Partnerships in Cannabis Businesses: Vital and Fraught

Leaders of successful cannabis businesses are significantly outnumbered by potential investors and partners who want in. It can be difficult to separate partners with integrity from those whose interests aren’t sufficiently aligned with your goals for your business.

With that in mind, I was interested to see this article from Aspen Daily News discussing the collapse of a relationship between a Colorado dispensary and its investors. I recommend reading the article in full, but the short of it is this:

  • In 2015, the dispensary signed a series of promissory notes valued at about $2 million with two investment firms.
  • In November 2016, the investment firms sued the dispensary alleging that the business defaulted on its loans.
  • In December, the dispensary counter-sued, alleging that the investors "did not actually give them the money." Instead, in their capacity as "expert business consultants," the investors allegedly used the funds to hire "unqualified" employees that the company's owners did not known and did not need. 
  • The investors' response to the dispensary's counter-claim is pending as of this post. 

We fully expect that the cannabis industry will see more conflicts like this one. Hilary Bricken from Harris Moure PLLC wrote in mid-2016 that her law firm was seeing a "massive spike in cannabis business owners suing their fellow owners."

Ownership disputes aren't unique to the cannabis industry, but these disputes are complicated in unusual ways in this industry. For example, regulatory restrictions on who can invest in a state-legal cannabis business make the pool of possible partners much smaller. In addition, issues in an individual's background that wouldn't affect their ability to do business in another industry -- like a 15-year old conviction for possession -- may disqualify them from participation in a cannabis business in certain states.

Before you partner with a co-founder, co-owner, or investor, do your due diligence:

  • Are there any issues in this person's background that may be a problem for your state regulators? What if you decide to do business together in another state?
  • What is your partner's business track record? How have other companies with which they've partnered fared?
  • How will the partnership be structured? What degree of control will they gain over your business?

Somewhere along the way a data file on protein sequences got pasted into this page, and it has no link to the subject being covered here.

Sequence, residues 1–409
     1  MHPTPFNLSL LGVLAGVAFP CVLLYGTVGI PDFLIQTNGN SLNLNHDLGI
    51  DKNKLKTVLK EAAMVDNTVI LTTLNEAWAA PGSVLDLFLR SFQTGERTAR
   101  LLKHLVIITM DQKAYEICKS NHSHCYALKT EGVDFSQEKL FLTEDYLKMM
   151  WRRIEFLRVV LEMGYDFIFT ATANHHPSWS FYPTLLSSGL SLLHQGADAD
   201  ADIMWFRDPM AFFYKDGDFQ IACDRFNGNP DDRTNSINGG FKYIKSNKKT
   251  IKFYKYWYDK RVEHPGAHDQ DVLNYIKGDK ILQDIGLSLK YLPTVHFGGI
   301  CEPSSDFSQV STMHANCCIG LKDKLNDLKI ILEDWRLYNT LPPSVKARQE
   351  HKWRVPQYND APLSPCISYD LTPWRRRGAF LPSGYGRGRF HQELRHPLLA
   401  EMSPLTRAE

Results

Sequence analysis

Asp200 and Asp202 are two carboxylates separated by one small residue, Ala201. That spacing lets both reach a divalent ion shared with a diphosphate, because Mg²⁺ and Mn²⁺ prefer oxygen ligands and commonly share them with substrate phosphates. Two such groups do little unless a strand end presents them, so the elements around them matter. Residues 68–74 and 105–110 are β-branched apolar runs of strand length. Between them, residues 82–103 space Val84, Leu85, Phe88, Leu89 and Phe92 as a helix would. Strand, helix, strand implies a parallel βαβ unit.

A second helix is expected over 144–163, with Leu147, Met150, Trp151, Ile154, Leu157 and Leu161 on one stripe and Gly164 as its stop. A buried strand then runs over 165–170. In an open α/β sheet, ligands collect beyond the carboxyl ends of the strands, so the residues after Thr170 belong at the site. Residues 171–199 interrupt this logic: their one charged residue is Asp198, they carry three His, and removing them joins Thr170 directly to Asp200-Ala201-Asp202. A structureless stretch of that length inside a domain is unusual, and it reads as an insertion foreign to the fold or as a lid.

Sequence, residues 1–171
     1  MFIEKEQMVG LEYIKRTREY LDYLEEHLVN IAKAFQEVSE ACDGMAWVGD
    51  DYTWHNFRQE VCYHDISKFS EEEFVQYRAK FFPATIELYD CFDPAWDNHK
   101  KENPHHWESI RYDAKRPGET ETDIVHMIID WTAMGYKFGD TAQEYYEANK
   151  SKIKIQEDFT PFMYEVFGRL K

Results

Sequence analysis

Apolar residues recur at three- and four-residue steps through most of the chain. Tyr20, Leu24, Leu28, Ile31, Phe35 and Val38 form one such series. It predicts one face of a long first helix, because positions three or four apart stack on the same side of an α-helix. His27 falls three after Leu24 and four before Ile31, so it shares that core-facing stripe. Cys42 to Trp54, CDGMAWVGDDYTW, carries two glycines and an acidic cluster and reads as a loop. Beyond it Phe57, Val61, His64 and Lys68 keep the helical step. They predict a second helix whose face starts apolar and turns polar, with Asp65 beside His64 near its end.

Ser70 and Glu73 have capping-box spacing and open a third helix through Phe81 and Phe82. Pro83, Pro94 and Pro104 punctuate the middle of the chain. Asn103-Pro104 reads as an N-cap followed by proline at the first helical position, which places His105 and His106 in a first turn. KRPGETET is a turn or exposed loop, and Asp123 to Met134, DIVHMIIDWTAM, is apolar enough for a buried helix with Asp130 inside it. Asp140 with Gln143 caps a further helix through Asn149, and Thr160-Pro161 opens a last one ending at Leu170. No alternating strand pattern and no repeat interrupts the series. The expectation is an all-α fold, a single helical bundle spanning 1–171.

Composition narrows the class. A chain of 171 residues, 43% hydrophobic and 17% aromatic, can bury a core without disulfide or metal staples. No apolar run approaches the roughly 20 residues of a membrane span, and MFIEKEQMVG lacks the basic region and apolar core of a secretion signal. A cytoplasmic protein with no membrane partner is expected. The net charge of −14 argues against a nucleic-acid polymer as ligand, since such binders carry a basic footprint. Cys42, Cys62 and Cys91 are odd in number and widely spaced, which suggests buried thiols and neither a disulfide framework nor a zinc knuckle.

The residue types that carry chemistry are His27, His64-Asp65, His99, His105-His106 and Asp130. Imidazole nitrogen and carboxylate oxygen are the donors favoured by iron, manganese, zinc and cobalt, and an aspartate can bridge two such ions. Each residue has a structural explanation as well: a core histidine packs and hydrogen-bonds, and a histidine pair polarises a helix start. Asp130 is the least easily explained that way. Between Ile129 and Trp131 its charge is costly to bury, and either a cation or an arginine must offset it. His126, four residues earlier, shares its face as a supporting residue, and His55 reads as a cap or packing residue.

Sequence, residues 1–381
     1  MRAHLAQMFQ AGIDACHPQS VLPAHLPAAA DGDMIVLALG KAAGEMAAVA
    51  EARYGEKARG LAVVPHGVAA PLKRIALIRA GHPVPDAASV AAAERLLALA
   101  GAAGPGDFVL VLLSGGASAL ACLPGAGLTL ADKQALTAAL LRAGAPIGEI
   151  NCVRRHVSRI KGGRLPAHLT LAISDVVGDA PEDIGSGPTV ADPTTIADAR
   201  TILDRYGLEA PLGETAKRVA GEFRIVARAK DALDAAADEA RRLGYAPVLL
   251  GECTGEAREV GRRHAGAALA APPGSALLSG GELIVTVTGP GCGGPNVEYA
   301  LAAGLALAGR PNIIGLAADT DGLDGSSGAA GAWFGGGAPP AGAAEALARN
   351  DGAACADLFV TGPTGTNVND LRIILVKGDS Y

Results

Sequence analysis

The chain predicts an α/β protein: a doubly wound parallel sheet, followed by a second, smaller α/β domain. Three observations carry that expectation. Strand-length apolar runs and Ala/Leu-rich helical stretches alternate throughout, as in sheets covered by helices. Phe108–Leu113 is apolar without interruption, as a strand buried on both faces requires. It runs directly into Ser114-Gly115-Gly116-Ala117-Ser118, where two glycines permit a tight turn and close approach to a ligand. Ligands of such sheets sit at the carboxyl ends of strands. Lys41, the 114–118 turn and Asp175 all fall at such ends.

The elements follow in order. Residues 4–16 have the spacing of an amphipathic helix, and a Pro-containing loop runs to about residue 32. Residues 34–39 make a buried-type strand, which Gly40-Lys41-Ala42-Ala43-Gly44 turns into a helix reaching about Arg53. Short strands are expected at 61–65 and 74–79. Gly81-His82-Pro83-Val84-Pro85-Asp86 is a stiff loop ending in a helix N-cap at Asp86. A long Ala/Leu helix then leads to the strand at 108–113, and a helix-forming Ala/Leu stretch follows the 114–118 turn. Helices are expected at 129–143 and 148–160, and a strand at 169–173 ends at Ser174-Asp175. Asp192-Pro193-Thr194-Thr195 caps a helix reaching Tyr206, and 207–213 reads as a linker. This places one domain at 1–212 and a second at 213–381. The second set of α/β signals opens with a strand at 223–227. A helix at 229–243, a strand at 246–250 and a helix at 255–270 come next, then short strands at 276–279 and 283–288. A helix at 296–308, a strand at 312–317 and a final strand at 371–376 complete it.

Additional Resources

  • The case referenced above is Stillhouse Investments, LLC, et al v. Colorado Medical Marijuana Supply, Inc., et al in the Colorado District Court (Pitkin County). 
  • Read Hilary Bricken's excellent article
  • Learn more about our services for businesses

 

Investors Lose in Oregon's First Major Marijuana Fraud

Regulators in Oregon are investigating Portland dispensary Cannacea and its CEO, Tisha Siler, after it was revealed that materials used to attract investors to the company contained multiple false claims. Investors committed hundreds of thousands of dollars before the scheme was revealed.

With so much riding on personal connections and reputation, wise investors must take steps to ensure that they are putting their trust and money in safe hands. Don't just take it from us: Green Rush Consulting, which maintains that it is also a victim in this fraud, said the following in a press release:

"White-collar crime in this industry is a threat to all of us, and we need to perform due diligence in every aspect of our business operations in order to avoid it and help prevent it."

(Image credit Willamette Week)

Background

Cannacea was a tempting opportunity for investors hoping to profit from the "green rush": CEO Tisha Siler's letter confirming that she had licenses to operate up to seven dispensaries in Oregon suggested that the company had lots of room to grow into a profitable business.

But by mid-2016, Cannacea had shut down, and Siler was accused of forging the documents that claimed she could operate seven dispensaries. Instead, state authorities said, materials given to prospective investors contained many "inaccuracies and outright falsehoods" about Siler.

Siler maintains that she didn't create the materials given to investors, pointing instead to David Jacobs, a contractor for Green Rush Consulting, which Siler retained to help her find investors. (Read Green Rush's response to these accusations here.)

Due Diligence Protects Investments

Pre-investment due diligence would have revealed major red flags regarding Cannacea, Siler, and Jacobs. At a minimum, cover the following:

  • Licenses: Speak with the relevant regulators to confirm licenses. Leafly has a good guide describing how you can do this yourself.
  • Education: Degrees can often be confirmed directly with a university registrar.
  • Reputation: Research could have led investors to a website created in 2013 that alleges that Siler and Garrett Siler used a home in California as a marijuana growing and processing facility without the consent of their landlords. If the entrepreneur doesn't have much of a public profile, ask for references, then ask those references for more references.

Savvy investors should also confirm the integrity of any middlemen involved in an investment. In this case, searches of criminal records would have found that David Jacobs had a prior conviction for fraud and identity theft.

Whether Siler is an innocent victim herself, as she claims, or actively duped investors, the lesson is clear: The cannabis industry is vulnerable to fraud, and knowing as much as you can about those you're trusting with your money and reputation is wise. 

James Kochien contributed to this post. Read original reporting on Cannacea from The Oregonian here. Learn more about Galen Diligence or contact us here